Working World-Class: Four Ways Project Management Makes Global Clients Happy

By: Kerri Simmons

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Despite the long flight times, international travel can be pretty enjoyable. Flight attendants seem more prepared to cater to your needs — a pillow for your back, a nice blanket, maybe even a nightcap. While it may be business-as-usual for these professionals, they understand that everything goes smoother when your needs are anticipated and you can relax in a calm environment. They’ve got it under control.

As learning professionals, we take virtual international flights with our global clients and partners: projects that can be as short as a few months, or ongoing relationships that continue year after year. We’ve found a few things that make the difference between smooth sailing and a turbulent ride.

1. We are now arriving at your destination, where the local time is…

Let’s start with the most obvious: time. Navigating time zones and working hours is one of the first considerations to work through. Some global professionals may be used to working with U.S. partners, and they adjust their work schedules accordingly. In all cases, determine a meeting time (or range of time) and day that’s reasonable for all parties. By establishing this parameter up-front, team members can plan ahead and be available for critical check-in points.

How do you determine what that time might be? This is where technology can step in to lend a hand. In the World Clock Meeting Planner, you can enter several different time zones and line up times in each location. Gmail’s Calendar includes a feature to see one other time zone in your main calendar view, lined up with your time zone.

2. Bonjour, Mesdames et Messieurs. Welcome aboard…

Language differences can make communication among team members challenging, and create the potential for project delays and rework if a miscommunication occurs. If English is not the first language for your team members, notice their proficiency in speaking and writing early in the project. Ask them (and if possible, people they’ve worked with) how you can help make things easier for them; for example, speak slowly and clearly and allow time for reflection and questions. If possible, partner them up with another speaker of their language so they can collaborate. Perhaps most importantly, always document decisions and action items in writing, which will give them time to review and even translate the next steps, if needed.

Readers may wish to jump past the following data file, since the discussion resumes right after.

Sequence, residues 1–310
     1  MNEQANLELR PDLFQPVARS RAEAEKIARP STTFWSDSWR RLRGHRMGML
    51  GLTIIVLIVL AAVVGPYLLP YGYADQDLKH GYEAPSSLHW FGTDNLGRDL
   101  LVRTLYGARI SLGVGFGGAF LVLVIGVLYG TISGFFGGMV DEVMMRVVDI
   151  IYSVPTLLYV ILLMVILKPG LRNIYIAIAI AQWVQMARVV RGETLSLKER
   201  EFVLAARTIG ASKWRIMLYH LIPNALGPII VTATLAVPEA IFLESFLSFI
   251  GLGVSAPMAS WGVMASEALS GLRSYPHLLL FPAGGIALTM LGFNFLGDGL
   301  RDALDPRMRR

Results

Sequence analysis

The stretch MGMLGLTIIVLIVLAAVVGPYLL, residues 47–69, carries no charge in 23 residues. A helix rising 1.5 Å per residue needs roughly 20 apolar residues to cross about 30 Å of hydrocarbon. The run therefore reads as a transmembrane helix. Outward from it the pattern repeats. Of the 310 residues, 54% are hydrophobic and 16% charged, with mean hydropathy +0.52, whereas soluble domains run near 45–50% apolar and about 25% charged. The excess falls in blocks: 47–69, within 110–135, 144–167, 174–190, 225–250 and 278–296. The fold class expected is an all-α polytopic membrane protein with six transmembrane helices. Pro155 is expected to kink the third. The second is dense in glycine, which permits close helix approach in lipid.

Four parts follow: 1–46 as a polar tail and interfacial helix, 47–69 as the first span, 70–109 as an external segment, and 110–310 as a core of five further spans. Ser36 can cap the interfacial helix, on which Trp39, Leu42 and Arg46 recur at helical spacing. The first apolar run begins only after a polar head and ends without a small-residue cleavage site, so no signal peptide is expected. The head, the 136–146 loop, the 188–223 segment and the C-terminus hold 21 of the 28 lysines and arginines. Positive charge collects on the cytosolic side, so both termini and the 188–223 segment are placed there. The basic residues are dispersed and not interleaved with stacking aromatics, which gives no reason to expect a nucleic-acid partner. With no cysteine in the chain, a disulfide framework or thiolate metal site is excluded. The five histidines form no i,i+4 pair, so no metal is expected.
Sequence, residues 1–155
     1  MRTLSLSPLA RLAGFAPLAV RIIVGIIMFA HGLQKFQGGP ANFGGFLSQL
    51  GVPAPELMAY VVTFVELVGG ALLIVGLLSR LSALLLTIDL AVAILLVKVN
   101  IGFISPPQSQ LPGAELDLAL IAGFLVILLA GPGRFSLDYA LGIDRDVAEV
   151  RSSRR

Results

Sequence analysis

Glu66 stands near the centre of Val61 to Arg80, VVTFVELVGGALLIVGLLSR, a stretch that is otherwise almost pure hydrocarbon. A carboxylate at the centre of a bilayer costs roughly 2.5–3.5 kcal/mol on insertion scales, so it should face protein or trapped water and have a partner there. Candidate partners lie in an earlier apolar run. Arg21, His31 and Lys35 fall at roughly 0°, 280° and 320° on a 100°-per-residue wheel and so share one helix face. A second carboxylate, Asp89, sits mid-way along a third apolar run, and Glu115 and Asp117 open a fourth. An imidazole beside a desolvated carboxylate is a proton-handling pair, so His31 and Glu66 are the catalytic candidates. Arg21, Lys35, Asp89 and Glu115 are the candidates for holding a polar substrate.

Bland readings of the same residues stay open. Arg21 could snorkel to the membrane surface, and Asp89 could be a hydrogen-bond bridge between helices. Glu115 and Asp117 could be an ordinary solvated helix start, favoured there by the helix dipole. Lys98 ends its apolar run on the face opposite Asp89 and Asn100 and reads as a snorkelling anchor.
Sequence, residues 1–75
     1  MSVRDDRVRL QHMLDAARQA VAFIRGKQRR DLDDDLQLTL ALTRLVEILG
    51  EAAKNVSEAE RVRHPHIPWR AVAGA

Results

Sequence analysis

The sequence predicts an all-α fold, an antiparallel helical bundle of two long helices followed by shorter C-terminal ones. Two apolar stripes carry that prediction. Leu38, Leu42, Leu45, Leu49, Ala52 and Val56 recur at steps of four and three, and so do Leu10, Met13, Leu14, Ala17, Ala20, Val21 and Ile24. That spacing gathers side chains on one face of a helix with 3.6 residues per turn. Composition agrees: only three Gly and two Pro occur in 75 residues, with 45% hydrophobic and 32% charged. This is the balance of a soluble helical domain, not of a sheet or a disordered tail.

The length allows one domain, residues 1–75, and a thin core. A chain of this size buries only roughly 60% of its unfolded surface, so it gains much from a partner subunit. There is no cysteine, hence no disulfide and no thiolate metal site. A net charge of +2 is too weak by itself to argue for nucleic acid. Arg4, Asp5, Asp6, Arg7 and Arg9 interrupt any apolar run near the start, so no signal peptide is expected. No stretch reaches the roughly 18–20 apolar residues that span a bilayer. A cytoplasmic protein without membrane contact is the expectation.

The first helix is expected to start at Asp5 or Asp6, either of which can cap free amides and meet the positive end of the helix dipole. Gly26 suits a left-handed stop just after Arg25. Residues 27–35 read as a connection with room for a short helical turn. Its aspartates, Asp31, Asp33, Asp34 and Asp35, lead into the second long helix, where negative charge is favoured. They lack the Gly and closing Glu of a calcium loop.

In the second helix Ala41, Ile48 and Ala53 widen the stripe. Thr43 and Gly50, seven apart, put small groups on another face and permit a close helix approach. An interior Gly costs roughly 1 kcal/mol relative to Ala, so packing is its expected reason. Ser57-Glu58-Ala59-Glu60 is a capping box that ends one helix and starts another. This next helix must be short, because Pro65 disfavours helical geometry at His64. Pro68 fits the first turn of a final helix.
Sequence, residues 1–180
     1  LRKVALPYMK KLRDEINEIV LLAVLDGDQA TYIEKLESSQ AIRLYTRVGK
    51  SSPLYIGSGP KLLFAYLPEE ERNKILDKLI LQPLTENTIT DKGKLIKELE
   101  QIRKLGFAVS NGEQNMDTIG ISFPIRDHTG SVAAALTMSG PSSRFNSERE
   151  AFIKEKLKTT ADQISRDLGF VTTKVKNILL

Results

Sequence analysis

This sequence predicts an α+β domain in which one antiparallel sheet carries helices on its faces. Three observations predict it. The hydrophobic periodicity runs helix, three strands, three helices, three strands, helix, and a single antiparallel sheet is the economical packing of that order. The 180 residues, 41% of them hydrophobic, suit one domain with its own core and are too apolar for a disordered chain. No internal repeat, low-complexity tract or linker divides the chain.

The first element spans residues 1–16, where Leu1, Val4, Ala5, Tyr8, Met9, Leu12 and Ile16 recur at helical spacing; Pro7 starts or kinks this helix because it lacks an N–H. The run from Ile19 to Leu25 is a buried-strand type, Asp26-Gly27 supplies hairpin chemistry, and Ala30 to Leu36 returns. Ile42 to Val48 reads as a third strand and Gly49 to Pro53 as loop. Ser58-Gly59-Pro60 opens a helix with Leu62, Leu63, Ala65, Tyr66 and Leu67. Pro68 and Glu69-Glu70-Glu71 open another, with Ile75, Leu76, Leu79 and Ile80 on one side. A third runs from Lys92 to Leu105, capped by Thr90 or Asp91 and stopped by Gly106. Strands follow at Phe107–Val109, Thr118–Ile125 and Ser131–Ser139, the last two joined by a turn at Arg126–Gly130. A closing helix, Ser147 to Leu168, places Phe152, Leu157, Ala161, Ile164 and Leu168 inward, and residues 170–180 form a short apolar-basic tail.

3. Excuse me, sir, but “thumbs up” is an insult here in Brazil…

Creating a strong project team is all about building trust and — despite everyone’s best intentions — cultural differences can compromise that effort. Conduct some research up front to understand the country or region’s important business etiquette. ASTD offers a good list of resources, such as Executive Planet, in their article “Global Business Etiquette,” which includes information and books for your reference. Be sensitive and also direct: Ask your team members if there are ways of working they prefer.

4. We do hope you enjoyed your flight…

The desire to produce a successful project knows no boundaries or time zones. How to measure success, however, will be specific to the project and to the client. Identify the factors critical for success at the start; they may be similar to domestic clients’: on-time and on-budget completion, meeting system requirements, deliverable quality, performance improvement, and satisfaction with the process. Global clients may have specific assessment or tracking needs that differ from domestic clients. With a firm grasp of these needs, you’ll be better equipped to deliver on — and exceed — expectations.


We all experience a little bump or two on every flight, but with a solid foundation of partnership and trust, these can be weathered and can even make the team a stronger unit. By following these approaches from our experience, your clients will be able to sit back, relax, and enjoy the ride.

Photo Credit: MsBlueSky via Compfight cc

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